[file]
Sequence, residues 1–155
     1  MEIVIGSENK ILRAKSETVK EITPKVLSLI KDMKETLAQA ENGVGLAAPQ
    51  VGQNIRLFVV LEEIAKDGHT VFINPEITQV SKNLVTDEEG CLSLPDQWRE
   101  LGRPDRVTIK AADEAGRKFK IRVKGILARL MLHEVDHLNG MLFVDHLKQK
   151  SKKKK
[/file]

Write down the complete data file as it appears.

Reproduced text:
Sequence, residues 1–155
     1  MEIVIGSENK ILRAKSETVK EITPKVLSLI KDMKETLAQA ENGVGLAAPQ
    51  VGQNIRLFVV LEEIAKDGHT VFINPEITQV SKNLVTDEEG CLSLPDQWRE
   101  LGRPDRVTIK AADEAGRKFK IRVKGILARL MLHEVDHLNG MLFVDHLKQK
   151  SKKKK